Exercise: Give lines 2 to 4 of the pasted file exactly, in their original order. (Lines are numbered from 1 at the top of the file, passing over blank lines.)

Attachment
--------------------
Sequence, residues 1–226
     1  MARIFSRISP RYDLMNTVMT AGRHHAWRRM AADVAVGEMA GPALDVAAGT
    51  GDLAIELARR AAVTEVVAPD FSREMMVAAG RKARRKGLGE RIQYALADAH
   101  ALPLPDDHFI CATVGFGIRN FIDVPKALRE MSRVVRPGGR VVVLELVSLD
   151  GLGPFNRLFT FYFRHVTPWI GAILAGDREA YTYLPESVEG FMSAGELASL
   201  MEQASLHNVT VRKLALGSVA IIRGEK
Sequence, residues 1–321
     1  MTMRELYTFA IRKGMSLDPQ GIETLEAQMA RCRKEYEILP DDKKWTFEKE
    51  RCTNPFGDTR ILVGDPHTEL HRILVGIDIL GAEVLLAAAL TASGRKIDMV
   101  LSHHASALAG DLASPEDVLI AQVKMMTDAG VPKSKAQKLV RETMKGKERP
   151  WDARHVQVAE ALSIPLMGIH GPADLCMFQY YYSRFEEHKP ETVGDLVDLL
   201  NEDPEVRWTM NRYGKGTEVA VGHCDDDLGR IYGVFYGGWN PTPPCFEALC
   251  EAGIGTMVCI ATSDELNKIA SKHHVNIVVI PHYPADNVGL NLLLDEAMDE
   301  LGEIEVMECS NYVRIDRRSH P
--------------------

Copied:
     1  MARIFSRISP RYDLMNTVMT AGRHHAWRRM AADVAVGEMA GPALDVAAGT
    51  GDLAIELARR AAVTEVVAPD FSREMMVAAG RKARRKGLGE RIQYALADAH
   101  ALPLPDDHFI CATVGFGIRN FIDVPKALRE MSRVVRPGGR VVVLELVSLD